For what it’s worth, I experienced more accurate person detection in my tests of the Ring Spotlight Camera, if you’re interested.
Climate monitoring4 is a rare find in a home security camera, and I personally appreciate this. Though it’s not essential for home security, it does add to the draw of the Canary system.
It’s not going to detect smoke or carbon monoxide, but Canary’s HomeHealth sensor can be especially helpful if there’s a sudden change in air quality in your home. In starker terms, it could actually prevent a catastrophe, so even though it’s considered a nice-to-have, the feature also has plenty of advantages when it comes to home safety. You can compare the air quality in your home with normal levels to make sure everything is in tip-top shape. Here’s a look at the HomeHealth feature in the app:
Should you ever find yourself in an unsafe situation, Canary can really come through. By activating Canary’s Noonlight emergency response feature, you’ll be able to notify the proper authorities and keep them on guard. If the danger persists or changes, you can follow up with pertinent information so law enforcement can act quickly.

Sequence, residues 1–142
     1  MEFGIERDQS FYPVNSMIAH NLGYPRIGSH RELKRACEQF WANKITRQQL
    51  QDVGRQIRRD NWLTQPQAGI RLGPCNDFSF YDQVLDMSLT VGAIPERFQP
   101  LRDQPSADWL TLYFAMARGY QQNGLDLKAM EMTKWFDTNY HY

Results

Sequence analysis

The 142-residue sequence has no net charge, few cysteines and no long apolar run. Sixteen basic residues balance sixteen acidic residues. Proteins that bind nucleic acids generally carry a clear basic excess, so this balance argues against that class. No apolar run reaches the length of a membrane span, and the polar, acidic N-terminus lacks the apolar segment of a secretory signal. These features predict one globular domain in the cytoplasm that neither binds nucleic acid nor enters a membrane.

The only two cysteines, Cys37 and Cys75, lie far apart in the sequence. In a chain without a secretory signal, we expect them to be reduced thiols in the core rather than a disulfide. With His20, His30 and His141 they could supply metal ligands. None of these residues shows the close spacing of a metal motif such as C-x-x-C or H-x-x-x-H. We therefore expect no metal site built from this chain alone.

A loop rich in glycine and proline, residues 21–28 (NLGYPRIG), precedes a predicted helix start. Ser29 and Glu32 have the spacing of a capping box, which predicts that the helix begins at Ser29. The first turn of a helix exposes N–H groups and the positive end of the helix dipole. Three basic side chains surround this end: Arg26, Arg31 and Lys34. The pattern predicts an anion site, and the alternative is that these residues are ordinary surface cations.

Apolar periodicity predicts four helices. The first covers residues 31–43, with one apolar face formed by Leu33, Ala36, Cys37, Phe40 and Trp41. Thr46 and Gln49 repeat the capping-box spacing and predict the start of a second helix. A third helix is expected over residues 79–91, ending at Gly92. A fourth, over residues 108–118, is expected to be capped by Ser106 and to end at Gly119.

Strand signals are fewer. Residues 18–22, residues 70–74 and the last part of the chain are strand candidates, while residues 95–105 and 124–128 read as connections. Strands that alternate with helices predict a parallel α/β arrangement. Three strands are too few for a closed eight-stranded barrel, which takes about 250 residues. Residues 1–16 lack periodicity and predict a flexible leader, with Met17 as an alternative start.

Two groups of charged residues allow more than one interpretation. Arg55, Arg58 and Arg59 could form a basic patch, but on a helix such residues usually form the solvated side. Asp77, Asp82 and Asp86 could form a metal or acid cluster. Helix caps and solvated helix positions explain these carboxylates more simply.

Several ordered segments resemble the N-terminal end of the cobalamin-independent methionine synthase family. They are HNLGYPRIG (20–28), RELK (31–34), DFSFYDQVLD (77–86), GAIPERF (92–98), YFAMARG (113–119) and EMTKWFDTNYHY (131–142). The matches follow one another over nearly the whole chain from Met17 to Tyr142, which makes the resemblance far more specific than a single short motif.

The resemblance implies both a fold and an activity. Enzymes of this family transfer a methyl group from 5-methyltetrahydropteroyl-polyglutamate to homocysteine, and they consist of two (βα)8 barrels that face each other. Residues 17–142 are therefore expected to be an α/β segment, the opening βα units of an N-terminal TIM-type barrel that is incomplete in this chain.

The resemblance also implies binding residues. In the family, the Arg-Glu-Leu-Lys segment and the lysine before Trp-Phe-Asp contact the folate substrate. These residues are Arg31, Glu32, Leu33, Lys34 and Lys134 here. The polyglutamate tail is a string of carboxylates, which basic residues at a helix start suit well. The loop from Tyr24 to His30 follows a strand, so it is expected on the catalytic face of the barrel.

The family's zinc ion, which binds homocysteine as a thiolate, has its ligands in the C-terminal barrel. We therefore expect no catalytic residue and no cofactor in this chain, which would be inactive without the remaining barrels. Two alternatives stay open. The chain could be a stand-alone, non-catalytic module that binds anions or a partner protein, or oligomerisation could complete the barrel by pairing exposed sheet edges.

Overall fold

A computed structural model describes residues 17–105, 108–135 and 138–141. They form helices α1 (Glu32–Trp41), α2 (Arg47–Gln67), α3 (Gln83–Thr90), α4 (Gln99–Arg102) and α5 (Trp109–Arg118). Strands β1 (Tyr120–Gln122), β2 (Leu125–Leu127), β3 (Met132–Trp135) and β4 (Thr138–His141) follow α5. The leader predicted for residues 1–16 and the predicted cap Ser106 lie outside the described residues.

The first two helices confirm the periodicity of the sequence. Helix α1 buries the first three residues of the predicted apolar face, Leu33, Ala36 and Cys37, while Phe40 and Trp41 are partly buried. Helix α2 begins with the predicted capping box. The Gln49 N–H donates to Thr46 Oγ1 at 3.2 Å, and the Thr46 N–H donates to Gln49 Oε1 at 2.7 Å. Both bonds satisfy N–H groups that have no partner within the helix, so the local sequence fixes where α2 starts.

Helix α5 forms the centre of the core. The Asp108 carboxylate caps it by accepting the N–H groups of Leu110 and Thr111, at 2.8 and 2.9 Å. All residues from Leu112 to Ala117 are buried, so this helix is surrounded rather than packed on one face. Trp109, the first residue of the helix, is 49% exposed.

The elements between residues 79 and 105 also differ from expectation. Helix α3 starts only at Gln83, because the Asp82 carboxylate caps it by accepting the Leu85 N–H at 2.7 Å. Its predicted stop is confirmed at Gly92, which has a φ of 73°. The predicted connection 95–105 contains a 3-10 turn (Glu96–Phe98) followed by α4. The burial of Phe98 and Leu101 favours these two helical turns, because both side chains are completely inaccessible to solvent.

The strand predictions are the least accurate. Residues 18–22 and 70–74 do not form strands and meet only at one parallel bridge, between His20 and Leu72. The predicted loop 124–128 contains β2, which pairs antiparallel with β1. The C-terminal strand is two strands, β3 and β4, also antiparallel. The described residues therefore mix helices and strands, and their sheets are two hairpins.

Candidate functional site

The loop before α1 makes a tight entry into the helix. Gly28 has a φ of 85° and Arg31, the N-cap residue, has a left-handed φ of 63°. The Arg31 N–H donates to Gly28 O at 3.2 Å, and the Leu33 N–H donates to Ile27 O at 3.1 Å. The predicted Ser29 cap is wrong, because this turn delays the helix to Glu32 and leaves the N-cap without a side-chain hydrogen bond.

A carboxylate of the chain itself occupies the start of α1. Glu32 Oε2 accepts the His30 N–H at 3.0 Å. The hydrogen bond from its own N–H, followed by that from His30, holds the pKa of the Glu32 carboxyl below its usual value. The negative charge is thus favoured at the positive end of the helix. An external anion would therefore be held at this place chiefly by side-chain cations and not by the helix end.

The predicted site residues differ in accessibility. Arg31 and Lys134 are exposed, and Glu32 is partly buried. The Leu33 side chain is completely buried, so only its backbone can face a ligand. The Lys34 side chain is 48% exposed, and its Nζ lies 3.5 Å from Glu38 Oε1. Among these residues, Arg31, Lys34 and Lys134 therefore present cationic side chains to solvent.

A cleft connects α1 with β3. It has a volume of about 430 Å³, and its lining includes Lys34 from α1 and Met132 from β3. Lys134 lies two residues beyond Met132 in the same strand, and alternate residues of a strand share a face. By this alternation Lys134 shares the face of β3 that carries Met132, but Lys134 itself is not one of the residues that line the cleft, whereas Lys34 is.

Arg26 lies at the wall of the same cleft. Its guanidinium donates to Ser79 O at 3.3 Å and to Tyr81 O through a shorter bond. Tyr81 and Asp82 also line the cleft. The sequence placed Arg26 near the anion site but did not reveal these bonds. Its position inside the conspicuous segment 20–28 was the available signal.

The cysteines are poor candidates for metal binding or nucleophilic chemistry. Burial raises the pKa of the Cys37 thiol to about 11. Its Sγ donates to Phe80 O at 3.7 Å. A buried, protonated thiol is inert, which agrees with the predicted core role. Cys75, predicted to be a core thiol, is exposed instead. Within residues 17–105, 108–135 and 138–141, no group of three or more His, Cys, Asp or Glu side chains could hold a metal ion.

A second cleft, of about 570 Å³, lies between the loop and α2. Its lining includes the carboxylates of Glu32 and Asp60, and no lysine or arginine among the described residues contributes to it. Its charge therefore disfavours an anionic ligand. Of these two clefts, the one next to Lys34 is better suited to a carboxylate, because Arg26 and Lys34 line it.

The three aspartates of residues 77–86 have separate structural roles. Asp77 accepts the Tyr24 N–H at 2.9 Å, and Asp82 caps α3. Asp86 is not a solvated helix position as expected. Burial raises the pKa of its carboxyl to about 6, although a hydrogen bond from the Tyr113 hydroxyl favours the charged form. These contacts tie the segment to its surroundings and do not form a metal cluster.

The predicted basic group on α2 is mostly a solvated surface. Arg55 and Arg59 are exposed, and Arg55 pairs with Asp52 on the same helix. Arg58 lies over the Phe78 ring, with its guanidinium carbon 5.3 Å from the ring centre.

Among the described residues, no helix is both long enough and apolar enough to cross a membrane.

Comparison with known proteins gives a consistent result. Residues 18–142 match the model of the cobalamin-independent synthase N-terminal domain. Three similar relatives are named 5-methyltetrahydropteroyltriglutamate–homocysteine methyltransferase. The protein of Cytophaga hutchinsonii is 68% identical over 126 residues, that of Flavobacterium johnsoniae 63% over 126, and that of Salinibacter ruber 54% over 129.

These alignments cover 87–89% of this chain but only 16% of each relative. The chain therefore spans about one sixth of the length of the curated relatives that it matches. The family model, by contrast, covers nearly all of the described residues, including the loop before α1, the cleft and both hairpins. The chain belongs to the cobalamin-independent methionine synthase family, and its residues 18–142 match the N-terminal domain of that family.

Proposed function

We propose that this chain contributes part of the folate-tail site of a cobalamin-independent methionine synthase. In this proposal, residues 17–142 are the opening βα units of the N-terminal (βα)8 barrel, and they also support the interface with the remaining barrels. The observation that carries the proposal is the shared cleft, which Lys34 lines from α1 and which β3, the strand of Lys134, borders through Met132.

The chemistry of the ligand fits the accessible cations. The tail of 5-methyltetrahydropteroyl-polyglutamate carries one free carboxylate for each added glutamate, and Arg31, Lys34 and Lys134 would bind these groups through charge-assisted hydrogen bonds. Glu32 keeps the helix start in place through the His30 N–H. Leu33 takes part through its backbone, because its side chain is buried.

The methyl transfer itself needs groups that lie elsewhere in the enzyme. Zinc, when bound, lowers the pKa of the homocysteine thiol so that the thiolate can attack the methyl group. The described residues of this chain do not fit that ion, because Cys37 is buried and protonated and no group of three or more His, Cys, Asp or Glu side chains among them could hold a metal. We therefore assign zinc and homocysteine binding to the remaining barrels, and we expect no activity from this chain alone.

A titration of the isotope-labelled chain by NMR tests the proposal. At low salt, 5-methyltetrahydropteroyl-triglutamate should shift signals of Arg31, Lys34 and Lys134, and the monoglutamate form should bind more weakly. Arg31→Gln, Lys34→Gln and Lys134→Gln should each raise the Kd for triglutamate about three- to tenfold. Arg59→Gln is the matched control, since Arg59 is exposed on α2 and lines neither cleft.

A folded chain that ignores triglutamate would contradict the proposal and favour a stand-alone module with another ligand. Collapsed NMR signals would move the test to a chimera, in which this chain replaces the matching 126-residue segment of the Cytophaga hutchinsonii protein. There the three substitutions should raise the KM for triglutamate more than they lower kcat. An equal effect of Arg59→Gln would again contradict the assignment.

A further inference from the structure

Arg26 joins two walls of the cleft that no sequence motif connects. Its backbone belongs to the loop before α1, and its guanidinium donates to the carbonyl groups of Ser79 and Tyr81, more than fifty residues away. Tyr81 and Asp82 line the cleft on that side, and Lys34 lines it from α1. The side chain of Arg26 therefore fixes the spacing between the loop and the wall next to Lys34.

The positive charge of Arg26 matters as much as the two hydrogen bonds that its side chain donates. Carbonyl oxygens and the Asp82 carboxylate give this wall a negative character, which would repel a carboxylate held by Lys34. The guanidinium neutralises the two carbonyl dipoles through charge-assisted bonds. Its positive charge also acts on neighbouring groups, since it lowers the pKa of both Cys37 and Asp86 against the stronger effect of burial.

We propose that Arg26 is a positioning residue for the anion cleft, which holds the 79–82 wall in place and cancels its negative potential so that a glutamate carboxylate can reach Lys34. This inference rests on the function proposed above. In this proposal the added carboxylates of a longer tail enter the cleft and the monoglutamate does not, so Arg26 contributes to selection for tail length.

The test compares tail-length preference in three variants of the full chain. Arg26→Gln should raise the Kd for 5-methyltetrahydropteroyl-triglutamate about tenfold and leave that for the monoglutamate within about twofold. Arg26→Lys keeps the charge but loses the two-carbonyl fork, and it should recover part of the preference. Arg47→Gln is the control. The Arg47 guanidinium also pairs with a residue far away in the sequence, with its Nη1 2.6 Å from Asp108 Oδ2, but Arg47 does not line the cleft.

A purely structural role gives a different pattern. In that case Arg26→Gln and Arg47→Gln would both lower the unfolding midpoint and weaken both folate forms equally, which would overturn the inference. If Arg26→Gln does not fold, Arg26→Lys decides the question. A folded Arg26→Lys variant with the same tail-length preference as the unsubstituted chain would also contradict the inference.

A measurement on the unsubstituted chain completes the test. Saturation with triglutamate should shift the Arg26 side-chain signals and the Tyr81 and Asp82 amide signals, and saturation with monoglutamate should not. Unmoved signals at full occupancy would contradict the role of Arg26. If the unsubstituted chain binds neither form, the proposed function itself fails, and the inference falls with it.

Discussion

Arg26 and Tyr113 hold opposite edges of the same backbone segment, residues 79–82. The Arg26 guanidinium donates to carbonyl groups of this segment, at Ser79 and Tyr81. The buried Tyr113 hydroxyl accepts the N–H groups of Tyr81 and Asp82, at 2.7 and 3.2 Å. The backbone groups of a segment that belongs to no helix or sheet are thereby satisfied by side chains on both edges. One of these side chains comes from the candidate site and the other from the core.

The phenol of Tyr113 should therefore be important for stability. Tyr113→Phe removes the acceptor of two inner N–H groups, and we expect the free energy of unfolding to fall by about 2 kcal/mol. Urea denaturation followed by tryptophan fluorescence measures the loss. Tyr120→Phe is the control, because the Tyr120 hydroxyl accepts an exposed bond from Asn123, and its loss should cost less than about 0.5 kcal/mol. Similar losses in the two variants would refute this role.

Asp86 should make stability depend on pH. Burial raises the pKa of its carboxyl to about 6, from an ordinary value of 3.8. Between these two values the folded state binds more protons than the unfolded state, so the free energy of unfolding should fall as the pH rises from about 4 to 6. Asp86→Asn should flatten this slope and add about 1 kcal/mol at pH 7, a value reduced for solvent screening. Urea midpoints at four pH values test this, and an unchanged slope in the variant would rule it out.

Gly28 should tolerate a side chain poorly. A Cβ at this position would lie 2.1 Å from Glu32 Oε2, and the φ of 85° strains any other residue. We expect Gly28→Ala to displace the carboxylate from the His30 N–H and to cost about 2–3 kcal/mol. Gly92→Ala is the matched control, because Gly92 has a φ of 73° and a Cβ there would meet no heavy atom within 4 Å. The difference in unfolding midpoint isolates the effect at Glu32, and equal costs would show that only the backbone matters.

It’s important to remember that you can only get this feature with Canary’s Premium cloud storage plan, which costs $99 per year. It’s a truly impressive feature in a security camera, though, and I recommend springing for it if you can.
These days, almost every security camera is on board the smart home train. Most security brands offer the option to integrate with Amazon Alexa and Google Assistant, or at least one of the two, in order to monitor your home using voice commands.
From the Alexa app, you can enable the Canary skill to display on your Echo Show or another Alexa-enabled device using voice commands. That step, thankfully, took just a couple of minutes.
Canary packages their cameras a bit differently than the Rings and Lorexes of the industry. It’s pretty simple, really – everything is bundled with their system. If you want the camera, you have to sign up for the plan. And when it’s all said and done, you’re probably going to pay a bit more than those other two brands.
FYI: Lorex is a good brand to consider if you’re not a fan of subscriptions or contracts (and you’d be in good company). See my review of Lorex’s Wi-Fi cameras to learn more.
The Canary Pro costs $169 up front, but with the premium plan, that’ll shoot it up to $268. The Canary Flex, a stylish device that goes everywhere, is $199. And, as I mentioned earlier, the brand also has a deal for a free Canary View camera with the purchase of a premium plan ($99 per year).